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Cairo - Say CD (album) cover




Crossover Prog

3.96 | 80 ratings

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Honorary Collaborator
5 stars At the risk of repeating myself, one of the main attractions of prog is the proverbial hunt for the next elusive prey, diligently reconnoitering the vast global expanse for something that will shake the foundations and the pleasure nodes. With a little help from my friends (just like the Beatles /Joe Cocker classic), I get introduced to some new nugget, hidden and obscured by clouds of distance. Hints of potential comes with a recognizable name, here and there, to excite the senses and securing the decision to order. I was familiar with Rob Cottingham when he was steering Touchstone, a harder-edged prog band that got my attention, interestingly enough in the same manner, when I saw the name Henry Rogers on drums. This brilliant kitman has graced a slew of albums that blew me sideways (namely the recent Heather Findlay solo outing 'I Am Snow'). Touchstone released 4 studio albums, as well as a live one and disbanded a few years ago. I am happy to announce that his new project Cairo is a leap up and forward , particularly due to his proggier keyboard presence, though many of the other classic elements are present. A line-up that features a fabulous guitarist in James Hards, a stellar bassist in Paul Stocker, while the drums are powerfully manned by Graham Brown. Lead vocals are handled by Rachel Hill, another addition to a growing list of stunning female prog vocalists, who frankly really outdo the men in quality and talent.

But it is Cottingham who really owns the crown, composing tender and memorable melodies such as on the tremendous 'Say', the dizzying Random Acts of Kindness' and the breathtaking 'Searching'. His sweeping keyboard add orchestrated drama to all the compositions as well as letting his fingers linger on the piano, a most welcome initiative that some prog keyboardists tend to forget at times. He also sings at the appropriate times, an expressive tone that feeds the musical thrill, best illustrated on the penultimate track 'Dancing the Gossamer Thread'. The core of this exhilarating debut, introduced with such flair by seasoned colleague Kev Rowland, is found in the middle tracks with the 2 part 'Nothing to Prove', encompassing 12 and a half minutes of blistering prog rock of the finest vintage. Accessible perhaps but very creative with constant shifts in mood and atmosphere, from preciously chiseled to powerfully bombastic.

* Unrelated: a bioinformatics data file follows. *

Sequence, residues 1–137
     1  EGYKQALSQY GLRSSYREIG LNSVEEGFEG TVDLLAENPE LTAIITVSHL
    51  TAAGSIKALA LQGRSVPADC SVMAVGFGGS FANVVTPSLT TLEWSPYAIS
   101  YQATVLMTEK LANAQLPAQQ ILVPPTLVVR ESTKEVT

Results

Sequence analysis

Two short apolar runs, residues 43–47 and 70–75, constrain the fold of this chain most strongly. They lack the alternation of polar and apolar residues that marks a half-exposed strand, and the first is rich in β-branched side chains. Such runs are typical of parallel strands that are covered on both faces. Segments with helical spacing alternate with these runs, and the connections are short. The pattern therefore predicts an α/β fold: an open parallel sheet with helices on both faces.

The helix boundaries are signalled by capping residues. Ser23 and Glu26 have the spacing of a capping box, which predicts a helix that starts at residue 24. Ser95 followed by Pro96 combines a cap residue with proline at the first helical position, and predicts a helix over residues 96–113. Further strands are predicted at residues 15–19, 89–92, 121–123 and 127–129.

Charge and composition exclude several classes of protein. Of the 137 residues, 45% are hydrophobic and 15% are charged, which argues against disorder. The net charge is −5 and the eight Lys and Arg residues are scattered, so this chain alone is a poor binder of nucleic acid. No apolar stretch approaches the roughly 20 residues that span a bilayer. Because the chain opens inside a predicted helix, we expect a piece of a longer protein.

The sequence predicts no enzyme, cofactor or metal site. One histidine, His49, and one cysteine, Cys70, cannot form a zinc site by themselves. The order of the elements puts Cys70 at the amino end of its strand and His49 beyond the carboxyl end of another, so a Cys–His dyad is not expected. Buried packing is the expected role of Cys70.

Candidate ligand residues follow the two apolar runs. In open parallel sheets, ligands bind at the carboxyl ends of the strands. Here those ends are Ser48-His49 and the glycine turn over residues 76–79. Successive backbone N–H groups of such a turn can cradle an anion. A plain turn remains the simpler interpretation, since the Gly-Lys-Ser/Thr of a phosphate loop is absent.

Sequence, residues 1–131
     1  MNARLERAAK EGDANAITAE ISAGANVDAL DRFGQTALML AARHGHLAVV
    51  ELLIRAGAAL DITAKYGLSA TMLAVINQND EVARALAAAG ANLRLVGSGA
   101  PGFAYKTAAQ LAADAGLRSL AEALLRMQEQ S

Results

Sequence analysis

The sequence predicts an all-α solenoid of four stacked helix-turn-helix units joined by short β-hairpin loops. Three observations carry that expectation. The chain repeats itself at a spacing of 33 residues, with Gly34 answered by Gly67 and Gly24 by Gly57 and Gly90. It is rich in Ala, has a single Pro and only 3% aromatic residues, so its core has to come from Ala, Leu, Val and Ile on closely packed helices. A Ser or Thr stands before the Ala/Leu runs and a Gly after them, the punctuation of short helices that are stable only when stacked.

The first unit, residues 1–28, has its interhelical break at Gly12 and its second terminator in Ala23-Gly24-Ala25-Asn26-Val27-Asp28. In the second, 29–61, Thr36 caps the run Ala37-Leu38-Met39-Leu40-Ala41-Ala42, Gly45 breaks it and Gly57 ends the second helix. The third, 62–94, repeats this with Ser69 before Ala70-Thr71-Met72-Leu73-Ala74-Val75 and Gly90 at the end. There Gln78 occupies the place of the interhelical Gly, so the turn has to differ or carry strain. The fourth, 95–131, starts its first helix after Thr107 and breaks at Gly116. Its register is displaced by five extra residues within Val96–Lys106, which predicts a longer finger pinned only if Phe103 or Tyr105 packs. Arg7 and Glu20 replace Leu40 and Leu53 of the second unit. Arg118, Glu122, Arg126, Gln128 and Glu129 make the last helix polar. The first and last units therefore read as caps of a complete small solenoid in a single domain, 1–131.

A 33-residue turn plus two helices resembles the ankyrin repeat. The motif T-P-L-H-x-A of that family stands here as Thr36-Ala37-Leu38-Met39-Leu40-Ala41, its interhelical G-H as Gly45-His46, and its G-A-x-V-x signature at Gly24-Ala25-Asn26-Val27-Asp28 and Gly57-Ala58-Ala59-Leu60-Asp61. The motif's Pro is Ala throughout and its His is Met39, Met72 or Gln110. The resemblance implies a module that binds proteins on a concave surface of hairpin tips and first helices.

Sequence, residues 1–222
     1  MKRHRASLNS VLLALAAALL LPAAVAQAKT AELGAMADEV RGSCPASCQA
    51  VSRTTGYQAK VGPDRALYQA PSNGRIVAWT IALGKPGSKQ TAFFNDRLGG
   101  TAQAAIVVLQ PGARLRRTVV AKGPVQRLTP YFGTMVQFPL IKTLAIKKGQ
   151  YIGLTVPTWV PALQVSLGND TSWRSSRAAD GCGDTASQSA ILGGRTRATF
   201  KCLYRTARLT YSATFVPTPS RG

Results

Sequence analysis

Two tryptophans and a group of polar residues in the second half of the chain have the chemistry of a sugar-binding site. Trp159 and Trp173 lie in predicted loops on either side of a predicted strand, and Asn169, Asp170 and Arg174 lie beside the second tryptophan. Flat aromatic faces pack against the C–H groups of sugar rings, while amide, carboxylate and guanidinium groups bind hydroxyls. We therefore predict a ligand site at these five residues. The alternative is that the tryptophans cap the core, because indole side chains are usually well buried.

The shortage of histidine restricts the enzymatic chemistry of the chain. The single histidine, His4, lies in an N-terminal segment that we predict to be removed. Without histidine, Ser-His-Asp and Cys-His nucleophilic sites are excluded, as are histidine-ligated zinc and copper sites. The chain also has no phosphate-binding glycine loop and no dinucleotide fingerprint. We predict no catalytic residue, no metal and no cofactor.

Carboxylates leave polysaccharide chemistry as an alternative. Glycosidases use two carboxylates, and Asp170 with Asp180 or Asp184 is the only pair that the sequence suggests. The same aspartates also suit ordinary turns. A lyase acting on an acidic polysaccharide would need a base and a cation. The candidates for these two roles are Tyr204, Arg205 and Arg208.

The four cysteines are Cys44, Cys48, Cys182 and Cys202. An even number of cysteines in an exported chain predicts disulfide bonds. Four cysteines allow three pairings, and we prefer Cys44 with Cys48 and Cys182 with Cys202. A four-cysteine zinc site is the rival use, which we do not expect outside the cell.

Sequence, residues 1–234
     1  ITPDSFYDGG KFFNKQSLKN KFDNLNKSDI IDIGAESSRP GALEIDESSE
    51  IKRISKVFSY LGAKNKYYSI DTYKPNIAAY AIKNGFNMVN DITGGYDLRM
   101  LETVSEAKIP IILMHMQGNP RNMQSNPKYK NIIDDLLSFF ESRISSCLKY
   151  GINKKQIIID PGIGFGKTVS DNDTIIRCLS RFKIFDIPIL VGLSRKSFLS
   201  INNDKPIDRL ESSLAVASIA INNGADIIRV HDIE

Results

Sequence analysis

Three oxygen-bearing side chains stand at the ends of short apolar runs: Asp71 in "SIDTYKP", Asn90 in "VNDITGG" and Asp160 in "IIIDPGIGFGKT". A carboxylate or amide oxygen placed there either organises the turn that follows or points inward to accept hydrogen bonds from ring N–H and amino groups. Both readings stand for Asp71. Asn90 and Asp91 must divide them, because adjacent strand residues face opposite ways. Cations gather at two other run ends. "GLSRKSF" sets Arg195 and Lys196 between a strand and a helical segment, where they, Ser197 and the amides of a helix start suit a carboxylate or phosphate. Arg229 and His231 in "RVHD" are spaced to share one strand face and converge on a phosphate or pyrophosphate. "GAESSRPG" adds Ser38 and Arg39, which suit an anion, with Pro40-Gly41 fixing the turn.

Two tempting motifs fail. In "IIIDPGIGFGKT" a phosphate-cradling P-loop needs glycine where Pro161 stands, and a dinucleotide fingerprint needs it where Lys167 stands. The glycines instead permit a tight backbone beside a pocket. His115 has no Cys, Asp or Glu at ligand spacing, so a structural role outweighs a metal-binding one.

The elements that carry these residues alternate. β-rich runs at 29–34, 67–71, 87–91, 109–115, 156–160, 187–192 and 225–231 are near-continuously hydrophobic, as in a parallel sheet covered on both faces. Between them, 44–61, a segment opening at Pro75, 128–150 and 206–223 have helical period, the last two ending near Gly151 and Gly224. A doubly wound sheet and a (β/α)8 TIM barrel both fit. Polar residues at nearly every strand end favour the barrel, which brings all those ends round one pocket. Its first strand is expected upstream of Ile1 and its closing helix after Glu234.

'Katrina' comes in two versions, a short and more direct one, as well as final curtain that is extended with assorted effects , including a moment of silence, into a 9 minute whirlwind of aching gorgeousness and unbelievable angst in describing the New Orleans disaster . 'Back from the Widerness' is another jewel of illuminated scintillation, simple and beautiful, a lullaby of unique majesty. Guitarist Hards sends a glittering electric missile into the night sky, igniting a furious second half that spotlights Graham Brown's frenetic Rogers-like drumming (Graham, I just gave you the loftiest compliment!), a sensational slab among other sensational tracks.

From the beginning to the end, this polished production (no other than the genius John Mitchell) makes this into the very rare 'PERFECT DEBUT' category, a fascinating musical journey with no weak moments and easily earns'

5 Pyramids of utterance

Bravo ROB !!!! Masterpiece.

tszirmay | 5/5 |


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